Pilots are a rare, perhaps even strange breed, and have an affection for their airplanes that even a girlfriend or wife might envy. A lot of pilots live adjacent to a private air strip, having a hangar behind their home where they can taxi out and takeoff.
Inside these hangars are not only the primary aircraft, but usually some airplane project which is underway. As you enter the hangar one of the things you will almost always find is a portable air compressor. And, with a little thought, you can understand why.
Portable air compressors provide compressed air to power air tools and inflate tires, both necessary functions for any serious aircraft owner. Tire pressure will vary depending upon season, and can be adjusted depending upon the kind of airport the pilot intends to fly from. Large, soft tires work best on grass airstrips, smaller tires work best on hard surfaced airstrips.
Most modern aircraft are covered with aluminum fastened to the ribs and stringers with rivets which are driven into place with an air tool. In the typical aircraft owners hangar you will find various tools for forming, cutting and installing aluminum onto the aircraft, and the best tools are powered by portable air compressors.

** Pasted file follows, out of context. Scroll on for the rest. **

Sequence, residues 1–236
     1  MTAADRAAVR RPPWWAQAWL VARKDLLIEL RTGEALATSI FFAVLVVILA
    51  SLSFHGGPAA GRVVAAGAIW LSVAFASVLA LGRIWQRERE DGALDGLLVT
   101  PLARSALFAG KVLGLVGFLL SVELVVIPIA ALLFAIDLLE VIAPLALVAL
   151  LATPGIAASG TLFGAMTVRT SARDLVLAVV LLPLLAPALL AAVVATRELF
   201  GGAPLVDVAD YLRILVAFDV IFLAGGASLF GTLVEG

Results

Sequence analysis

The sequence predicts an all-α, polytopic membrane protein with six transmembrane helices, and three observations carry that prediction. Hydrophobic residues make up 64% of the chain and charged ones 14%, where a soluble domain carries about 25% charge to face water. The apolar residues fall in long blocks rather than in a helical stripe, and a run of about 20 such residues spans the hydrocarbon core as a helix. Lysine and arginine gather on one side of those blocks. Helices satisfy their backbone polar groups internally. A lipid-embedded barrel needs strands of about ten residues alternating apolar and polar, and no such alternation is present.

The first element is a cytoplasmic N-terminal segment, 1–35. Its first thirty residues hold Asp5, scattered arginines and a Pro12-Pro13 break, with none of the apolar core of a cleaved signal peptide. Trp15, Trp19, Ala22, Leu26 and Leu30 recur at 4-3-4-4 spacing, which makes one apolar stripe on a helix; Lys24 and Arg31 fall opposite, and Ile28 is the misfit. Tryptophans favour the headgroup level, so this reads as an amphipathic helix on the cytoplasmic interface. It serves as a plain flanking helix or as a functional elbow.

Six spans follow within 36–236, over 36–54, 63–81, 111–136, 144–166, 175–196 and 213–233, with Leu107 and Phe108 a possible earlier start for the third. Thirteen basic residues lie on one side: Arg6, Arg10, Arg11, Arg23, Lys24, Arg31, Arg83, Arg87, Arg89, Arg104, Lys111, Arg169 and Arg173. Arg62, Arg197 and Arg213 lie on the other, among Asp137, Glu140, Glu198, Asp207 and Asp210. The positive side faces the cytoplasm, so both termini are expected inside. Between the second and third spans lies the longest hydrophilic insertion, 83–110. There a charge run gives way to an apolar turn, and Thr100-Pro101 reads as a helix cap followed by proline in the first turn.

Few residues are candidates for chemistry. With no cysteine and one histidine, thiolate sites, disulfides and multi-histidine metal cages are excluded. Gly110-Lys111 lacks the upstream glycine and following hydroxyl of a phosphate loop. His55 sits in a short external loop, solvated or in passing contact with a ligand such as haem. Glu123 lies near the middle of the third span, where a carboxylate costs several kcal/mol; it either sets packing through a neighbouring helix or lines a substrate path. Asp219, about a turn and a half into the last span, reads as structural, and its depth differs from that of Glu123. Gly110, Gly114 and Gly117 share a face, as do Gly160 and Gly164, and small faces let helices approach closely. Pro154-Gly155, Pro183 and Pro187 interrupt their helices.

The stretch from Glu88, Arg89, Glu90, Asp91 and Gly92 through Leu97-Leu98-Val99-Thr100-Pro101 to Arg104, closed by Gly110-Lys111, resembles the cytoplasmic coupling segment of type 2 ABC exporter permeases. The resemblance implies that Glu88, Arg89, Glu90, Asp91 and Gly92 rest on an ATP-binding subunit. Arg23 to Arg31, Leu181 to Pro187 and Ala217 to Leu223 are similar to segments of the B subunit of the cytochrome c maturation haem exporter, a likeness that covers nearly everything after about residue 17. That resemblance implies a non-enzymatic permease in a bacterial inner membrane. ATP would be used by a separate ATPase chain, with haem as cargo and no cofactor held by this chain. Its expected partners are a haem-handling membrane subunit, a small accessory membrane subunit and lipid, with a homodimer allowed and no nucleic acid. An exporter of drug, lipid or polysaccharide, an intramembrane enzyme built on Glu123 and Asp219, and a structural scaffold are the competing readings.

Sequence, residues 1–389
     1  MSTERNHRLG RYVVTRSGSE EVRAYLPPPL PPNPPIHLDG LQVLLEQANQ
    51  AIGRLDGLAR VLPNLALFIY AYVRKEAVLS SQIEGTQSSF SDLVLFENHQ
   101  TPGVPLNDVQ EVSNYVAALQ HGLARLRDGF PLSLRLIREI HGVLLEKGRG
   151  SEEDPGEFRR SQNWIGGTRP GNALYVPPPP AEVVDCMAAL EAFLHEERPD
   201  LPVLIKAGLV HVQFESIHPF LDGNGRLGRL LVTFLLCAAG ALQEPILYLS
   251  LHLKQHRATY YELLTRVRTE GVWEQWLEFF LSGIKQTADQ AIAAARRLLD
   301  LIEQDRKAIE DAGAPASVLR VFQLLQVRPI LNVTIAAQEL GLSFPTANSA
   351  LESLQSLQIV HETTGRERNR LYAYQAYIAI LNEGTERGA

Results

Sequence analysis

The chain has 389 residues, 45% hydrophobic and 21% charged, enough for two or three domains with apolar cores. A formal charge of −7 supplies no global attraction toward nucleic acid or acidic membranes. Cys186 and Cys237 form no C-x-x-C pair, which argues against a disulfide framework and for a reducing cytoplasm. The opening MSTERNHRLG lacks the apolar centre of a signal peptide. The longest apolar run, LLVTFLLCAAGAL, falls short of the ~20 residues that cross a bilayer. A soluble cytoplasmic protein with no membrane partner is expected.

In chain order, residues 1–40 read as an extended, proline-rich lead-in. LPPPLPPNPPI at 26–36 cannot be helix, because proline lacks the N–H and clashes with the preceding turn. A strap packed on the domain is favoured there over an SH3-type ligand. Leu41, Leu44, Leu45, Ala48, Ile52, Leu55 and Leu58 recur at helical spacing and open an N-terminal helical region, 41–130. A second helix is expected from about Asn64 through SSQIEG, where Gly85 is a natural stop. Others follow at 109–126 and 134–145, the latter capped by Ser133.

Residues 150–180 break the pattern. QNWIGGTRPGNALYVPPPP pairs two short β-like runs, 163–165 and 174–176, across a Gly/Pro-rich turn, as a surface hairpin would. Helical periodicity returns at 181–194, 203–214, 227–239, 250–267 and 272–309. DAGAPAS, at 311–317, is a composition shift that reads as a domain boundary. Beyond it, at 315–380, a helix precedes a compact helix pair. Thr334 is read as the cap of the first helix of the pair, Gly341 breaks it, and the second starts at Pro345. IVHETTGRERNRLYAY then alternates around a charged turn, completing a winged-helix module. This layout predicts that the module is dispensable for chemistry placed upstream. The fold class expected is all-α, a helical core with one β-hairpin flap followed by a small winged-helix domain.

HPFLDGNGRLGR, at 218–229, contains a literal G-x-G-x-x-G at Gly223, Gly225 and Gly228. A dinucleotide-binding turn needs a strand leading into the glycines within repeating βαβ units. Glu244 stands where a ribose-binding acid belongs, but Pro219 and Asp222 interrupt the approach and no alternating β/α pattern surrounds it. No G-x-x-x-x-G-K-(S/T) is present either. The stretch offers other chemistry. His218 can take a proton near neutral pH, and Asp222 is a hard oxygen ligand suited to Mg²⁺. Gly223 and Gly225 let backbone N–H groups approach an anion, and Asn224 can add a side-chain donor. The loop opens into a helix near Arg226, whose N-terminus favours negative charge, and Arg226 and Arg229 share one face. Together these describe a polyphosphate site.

Many different kinds of air tools used by pilots and aircraft mechanics are necessary for the proper care and maintenance of airplanes, including impact wrenches, riveters, inflator nozzles, cutting tools, air drills and rotary sanders, to name a few.
When deciding on the correct portable air compressor for the hangar, pilots will consider the type and number of air tools they will be using on their projects. Once the compressed needs of these tools have been determined, typically a portable air compressor with 1.25 to 1.5 time the maximum expected pounds per square inch (PSI) or cubic feet per minute (CFM) air flow is chosen.
For example, an air drill may require only 4 CFM for proper operation, while a die grinder might require more than 8 CFM to operate correctly.
Pilots find many uses for air tools such as using a sand blaster air tool to clean spark plugs, an impact wrench for changing aircraft wheels to a spray painter for touching up or painting the aircraft.
Among the benefits of air tools powered by a portable air compressor is the fact that the tools will last longer, have variable speed and torque control adjustments, run cooler, present no fire hazard nor do they emit any harmful emissions into the atmosphere.
Another benefit is that air tools are more powerful while at the same time not requiring such great effort on the part of the operator as to cause fatigue.
This is why you will almost always find a portable air compressor in a pilot’s aircraft hangar.
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